2016 Pakn Treger Translation Issue

An Anthology of Newly Translated Yiddish Works

Published: Spring 2016

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The 2016 Pakn Treger Translation Issue is available on our site here (all pieces are linked below) or you can download it as an e-book to your Kindle, iPad, or Nook:


The translation theorist Lawrence Venuti closes his short essay “How to Read a Translation” on a note of defiance: Don’t take one translation of a foreign literature to be representative of the language, he tells us. Compare the translation to other translations from the same language.

Venuti’s point is both political and moral. We cannot really understand a foreign culture by reading a single novel; the perspective of an individual writer will always be slanted. We can only start to understand other cultures when we turn a solitary voice into a polyphony.

The same is true when we set out to learn more about our own heritage. There was never any one Yiddish. Yiddish and Yiddish literary style varied widely. Yiddish literature absorbed different colors as it zigzagged the globe, encountered different people, lived under different politics.

With that in mind, we’ve built this translation issue as a kind of journey. Through the stories, poems, and essays, we move from Israel to the Soviet Union, to New York, to Vilna, and to the world of the fairy tale. We also take an extended trip through Warsaw and see the center of its Jewish life and its slums. We swim in the Vistula and meet the struggling intellectual in his garret. We hear the past’s echo: the writer of one story is a character in another.

Each story or poem is lovingly translated, and wonderful to read on its own. Together they become something more.

Eitan Kensky
Director of Collections Initiatives

Aaron Lansky Editor
Lisa Newman Executive Editor
Maureen Turner Managing Editor
Eitan Kensky Translation Editor
Michael Yashinsky Translation Managing Editor
Greg Lauzon Copy Editor
Alexander Isley Inc. Art Direction and Design
Gérard DuBois Cover Illustration
Bill Russell Interior Illustrations

Support for Pakn Treger comes from 
The David Berg Foundation
The Joseph and Marion Brechner Fund for Jewish Cultural Reporting
The Charles Corfield Fund for Pakn Treger
The Kaplen Fund for Pakn Treger
The Mark Pinson Fund for Pakn Treger

Copyright in each translation is held by the translator. 

"'From Eternity to Eternity': Thoughts and Considerations in Honor of Passover"
An essay on historical memory and national identity, by the Yiddish critic Moyshe Shtarkman

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"Mr. Friedkin and Shoshana: Wandering Souls on the Lower East Side"
Joseph Opatoshu's take on the tormented personal life of a young Hebrew teacher in New York

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"Coney Island": A Dadaist Sound Poem by Victor Packer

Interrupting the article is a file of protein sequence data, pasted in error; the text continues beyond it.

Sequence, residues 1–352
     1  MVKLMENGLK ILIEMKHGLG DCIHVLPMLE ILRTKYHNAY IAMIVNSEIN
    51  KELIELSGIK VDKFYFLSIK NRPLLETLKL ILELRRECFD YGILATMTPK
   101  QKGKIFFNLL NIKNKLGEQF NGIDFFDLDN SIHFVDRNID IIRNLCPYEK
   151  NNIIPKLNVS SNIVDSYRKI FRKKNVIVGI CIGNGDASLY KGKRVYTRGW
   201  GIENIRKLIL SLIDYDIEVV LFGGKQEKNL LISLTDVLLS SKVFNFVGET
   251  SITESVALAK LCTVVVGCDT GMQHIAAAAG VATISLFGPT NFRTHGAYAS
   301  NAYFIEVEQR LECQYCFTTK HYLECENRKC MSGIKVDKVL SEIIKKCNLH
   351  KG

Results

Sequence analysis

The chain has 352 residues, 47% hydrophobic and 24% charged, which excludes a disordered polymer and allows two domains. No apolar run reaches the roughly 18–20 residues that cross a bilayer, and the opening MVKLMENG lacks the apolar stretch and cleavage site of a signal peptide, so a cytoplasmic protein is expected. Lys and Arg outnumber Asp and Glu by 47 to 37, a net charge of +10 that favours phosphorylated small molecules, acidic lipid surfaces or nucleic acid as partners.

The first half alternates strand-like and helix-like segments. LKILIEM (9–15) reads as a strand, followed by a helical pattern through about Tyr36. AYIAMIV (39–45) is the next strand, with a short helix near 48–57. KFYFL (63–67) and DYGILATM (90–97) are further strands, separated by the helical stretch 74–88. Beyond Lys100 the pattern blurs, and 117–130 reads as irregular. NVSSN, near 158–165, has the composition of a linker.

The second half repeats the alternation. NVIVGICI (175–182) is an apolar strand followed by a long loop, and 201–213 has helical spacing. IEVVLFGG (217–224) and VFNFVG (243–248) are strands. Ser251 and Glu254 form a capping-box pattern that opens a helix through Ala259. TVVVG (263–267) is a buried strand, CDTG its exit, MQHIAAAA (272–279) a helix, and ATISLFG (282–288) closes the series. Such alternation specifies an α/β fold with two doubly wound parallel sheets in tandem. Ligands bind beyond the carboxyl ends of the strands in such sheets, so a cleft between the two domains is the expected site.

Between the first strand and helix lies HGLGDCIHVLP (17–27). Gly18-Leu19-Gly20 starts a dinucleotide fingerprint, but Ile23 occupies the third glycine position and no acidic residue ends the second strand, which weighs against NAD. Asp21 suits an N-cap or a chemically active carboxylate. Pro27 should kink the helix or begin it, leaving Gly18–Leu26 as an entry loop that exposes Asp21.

The sounds of 1930s Coney Island come alive in this brilliant radio poem, newly transcribed and digitized from an acetate disc.


"On the Landing"
A story of tension and intensity, from the writer Yenta Mash. (Photo of the author courtesy of the Yiddish Forward.)

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"You Have Not Betrayed Me Since the Day We Met" and "You Olive Tree in the Night"

Two poems from Avrom Sutzkever's "Diary" translated by Maia Evrona. Illustration is one of Sutzkever's self-portraits from this volume.

A Yiddish typewriter

"In Which I Hate It and Can’t Stand It and Don’t Want to and Have No Patience at All"

Der Tunkeler lists his top pet peeves. We suspect you might share some with him. Translated by Ri Turner.

Handwritten letters in Yiddish and English


An epistolary romance with a twist, by H. D. Nomberg, translated by Daniel Kennedy

Portrait of the writer, Froyim Kaganovski

"Blind Folye"

The story of Samson and Delilah, if its setting were the streets of Warsaw, and Samson were a well-built poultry dealer. By Froyim Kaganovski, translated by Beverly Bracha Weingrod

"Old Town"

By photographer-novelist Alter Kacyzne, a photograph-in-words of Warsaw in the early twentieth century. Translated by Mandy Cohen and Michael Casper.

A boat on the lake at Trakai, Lithuania, with the town's castle in the background.

An Excerpt from "Once Upon a Time, Vilna"

A childhood romance before the war, and an attempt to recapture it afterwards. By Abraham Karpinowitz, translated by Helen Mintz. In the photograph, the lake at Trakai, Lithuania, with the famous castle in the distance.

"To a Fellow Writer" and "Shloyme Mikhoels"

Two poems, inspired by revered Yiddish artists who were themselves friends of the poet, Rokhl Korn. Translated by Seymour Levitan. Illustration from the volume of poetry Af der sharf fun a rege (The Cutting Edge of the Moment).

"The Destiny of a Poem"

By Itzik Manger, translated by Murray Citron. The poet on his poetry, and its tragic effect. Illustration from 1954's Don't Forget—Don't Forgive! Upon the 11th Anniversary of the Warsaw Ghetto Uprising.

"The Blind Man"

A village parable from the often-political writer Itsik Kipnis, translated by Joshua Snider. Illustration from this story, as published in the volume A ber iz gefloygn (A Bear Took Flight).


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